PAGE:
What have been the most enjoyable and challenging experiences for you in writing this book? One fun and challenging aspect was creating a futuristic world that was believable for the reader without letting technobabble drain the life out of the story. Coming up with semi-plausible explanations for certain science fantasy elements, like converting gravity into an unlimited energy source, required lots of inspiration from random “what if” conversations with friends. Still, the most challenging experience by far was coming up with an ending that would leave readers expecting the next offering but still provide some closure to the story. I’m still not quite sure how well I pulled that one off.
Which scene was the most difficult to write?
I’d have to say the hardest scene to write was the one where the main conflict between Black’s side and Nahzir’s Regime reaches its peak. There’s a preliminary battle in the chapter before it, and I didn’t want to overdo it with fighting scenes. I did quite a bit of surgery on this section, cutting it down to the essential parts and ended up pretty satisfied with the end result.
What ideas/concepts do you want readers to take with them after they read Starlight City?
I’d like readers to see the importance of comraderie and friendship shared among these “misfit” characters. They’re brought together by unlikely circumstances but form a bond and come to trust one another, and this is what allows them to stand against impossible odds. I also think readers should grasp the idea that science and spirituality can be connected. Science can attempt to explain phenomena beyond the physical realm rather than denying that such phenomena exists. Finally, readers should see that even in a world so technologically advanced as Starlight City, scientific achievement should never be valued above the souls of humanity.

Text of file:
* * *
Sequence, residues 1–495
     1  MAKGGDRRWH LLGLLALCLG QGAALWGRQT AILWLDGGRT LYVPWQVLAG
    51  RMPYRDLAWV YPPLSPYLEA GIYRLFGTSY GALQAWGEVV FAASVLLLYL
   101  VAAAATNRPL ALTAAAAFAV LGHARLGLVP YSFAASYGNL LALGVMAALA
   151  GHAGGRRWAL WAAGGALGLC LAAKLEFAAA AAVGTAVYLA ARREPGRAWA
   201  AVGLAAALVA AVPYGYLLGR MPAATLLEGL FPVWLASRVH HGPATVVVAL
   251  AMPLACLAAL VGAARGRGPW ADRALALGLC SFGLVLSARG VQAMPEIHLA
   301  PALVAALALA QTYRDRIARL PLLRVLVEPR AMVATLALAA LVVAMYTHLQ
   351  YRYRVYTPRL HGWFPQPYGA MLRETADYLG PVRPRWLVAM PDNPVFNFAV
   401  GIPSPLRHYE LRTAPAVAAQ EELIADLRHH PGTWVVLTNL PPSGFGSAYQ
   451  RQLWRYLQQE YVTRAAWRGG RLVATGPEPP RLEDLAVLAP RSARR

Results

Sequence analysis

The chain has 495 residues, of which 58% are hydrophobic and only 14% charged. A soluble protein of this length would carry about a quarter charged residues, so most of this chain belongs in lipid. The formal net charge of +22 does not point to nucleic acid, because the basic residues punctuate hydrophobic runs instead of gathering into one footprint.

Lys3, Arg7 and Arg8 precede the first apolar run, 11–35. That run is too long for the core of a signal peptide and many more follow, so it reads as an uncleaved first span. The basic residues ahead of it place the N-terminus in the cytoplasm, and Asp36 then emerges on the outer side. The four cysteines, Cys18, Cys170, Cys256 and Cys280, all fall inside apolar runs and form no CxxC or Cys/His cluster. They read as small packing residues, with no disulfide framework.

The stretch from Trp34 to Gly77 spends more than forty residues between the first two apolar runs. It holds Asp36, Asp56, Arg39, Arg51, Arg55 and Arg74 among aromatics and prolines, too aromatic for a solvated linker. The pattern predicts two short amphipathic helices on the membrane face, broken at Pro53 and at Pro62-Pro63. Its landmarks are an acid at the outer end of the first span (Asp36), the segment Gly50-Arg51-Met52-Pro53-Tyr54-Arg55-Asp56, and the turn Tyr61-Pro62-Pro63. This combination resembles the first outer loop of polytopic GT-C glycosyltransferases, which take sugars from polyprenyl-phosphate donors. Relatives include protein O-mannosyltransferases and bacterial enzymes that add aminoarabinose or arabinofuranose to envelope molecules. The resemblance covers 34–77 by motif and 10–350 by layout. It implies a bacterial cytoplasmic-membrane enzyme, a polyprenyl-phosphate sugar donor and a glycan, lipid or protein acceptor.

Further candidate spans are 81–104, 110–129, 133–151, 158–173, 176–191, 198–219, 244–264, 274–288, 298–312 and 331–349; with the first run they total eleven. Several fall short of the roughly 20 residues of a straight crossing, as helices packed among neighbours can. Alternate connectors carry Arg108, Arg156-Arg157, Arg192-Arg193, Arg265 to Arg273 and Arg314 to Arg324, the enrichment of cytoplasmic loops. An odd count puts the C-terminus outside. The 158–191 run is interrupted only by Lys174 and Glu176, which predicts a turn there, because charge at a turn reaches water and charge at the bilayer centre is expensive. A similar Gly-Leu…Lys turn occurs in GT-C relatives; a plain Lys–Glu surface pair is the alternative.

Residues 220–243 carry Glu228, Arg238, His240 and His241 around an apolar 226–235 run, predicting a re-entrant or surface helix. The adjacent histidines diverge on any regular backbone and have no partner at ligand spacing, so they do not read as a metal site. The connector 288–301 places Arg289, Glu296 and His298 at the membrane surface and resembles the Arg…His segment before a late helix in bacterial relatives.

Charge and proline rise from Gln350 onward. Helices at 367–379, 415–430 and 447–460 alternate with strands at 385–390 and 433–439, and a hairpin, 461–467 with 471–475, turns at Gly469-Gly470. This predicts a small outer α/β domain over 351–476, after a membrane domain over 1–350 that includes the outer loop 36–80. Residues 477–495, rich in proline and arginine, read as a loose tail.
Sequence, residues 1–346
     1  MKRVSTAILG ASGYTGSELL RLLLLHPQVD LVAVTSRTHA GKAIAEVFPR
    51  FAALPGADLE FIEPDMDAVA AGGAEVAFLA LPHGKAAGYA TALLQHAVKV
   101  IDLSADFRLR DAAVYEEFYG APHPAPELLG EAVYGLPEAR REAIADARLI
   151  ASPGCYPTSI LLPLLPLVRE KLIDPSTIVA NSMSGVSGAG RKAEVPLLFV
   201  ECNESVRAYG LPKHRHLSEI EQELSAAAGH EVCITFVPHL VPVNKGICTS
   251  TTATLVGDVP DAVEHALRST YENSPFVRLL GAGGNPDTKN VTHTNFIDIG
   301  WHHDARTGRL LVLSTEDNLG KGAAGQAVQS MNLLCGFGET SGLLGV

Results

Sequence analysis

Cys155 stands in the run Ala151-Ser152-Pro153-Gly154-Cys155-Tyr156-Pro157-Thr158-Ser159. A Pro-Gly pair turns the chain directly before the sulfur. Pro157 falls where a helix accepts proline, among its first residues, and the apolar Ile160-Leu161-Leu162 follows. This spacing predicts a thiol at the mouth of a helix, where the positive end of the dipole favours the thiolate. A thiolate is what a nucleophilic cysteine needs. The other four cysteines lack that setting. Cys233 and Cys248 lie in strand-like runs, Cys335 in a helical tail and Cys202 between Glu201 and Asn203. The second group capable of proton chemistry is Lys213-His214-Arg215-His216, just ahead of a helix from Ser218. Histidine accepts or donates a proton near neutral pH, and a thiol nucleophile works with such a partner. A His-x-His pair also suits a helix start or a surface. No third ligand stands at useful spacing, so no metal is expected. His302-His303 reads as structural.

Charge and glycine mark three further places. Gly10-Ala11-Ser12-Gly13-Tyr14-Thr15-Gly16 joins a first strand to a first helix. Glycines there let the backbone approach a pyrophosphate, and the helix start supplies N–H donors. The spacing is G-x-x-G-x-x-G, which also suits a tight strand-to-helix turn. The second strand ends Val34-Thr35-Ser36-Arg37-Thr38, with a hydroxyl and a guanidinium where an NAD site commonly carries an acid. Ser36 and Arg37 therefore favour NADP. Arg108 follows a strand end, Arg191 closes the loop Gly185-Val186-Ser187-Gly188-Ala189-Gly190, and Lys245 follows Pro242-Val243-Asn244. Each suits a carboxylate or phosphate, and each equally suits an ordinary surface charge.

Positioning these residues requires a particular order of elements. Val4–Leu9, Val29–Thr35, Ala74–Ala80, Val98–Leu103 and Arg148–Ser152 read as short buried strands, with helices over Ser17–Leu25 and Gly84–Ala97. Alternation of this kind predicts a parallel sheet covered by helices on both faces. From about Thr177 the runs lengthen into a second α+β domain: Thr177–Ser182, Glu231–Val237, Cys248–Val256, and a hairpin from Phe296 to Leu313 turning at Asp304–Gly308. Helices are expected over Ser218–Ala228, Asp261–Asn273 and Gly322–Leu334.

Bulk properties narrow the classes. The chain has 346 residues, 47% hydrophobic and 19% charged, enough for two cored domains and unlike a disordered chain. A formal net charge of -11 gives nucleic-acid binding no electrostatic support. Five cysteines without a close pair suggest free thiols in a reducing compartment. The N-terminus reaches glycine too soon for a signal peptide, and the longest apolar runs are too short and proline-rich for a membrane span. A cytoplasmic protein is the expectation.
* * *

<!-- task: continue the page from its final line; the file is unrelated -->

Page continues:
What did you learn from writing this book?
The biggest lesson I’ve learned is that as a writer, you must absolutely love what you’re writing. There has to be a high level of excitement about the world and the characters you create which will force you to keep scribbling in the notepad, or sitting in front of the computer screen. The writer has to be addicted to the story and must keep coming back to fine-tune it. Most importantly, you have to love what you’re doing enough to ignore the people who think you’re wasting your time. This can be tough, as these are probably people who love you and think they have your best interest at heart. It’s important not to let outside pressures stop you from realizing and perfecting your vision as a writer.
Have any other authors had a significant influence on your writing?
As a reader, I tend to jump from author to author in search of a good book rather than reading through his/her entire archive. I’m definitely influenced by the classic works of Sci-Fi giants like Heinlein, Philip K. Dick, Asimov, George Orwell and Ray Bradbury. Samuel R. Delaney is another Sci-Fi author I’ve enjoyed. I’ve already mentioned David Mitchell’s work, which certainly inspired me in terms of style and story structure. Besides these, I also admire much of Jonathan Lethem’s speculative works, and aspire to be as effortlessly entertaining as Kurt Vonnegut. I must add that I’ve long been inspired by some of the Harlem Renaissance writers, particularly Richard Wright, Langston Hughes, and W.E.B. Du Bois.
What are your current projects?
Right now, I’m working on a theatrical audiobook of Starlight City, which should be completed before the end of this summer. I’m also drafting out ideas for both a prequel and a sequel to the novel, which I hope to release sometime around the fall of 2014.
What is the one piece of technology you can’t live without?
A lot of writers might say their computers, but I’d have to say my iPod, or anything I can use to listen to music. I simply love listening to music and even use it to write sometimes. It often helps me create the mood for a certain scene and get my ideas flowing.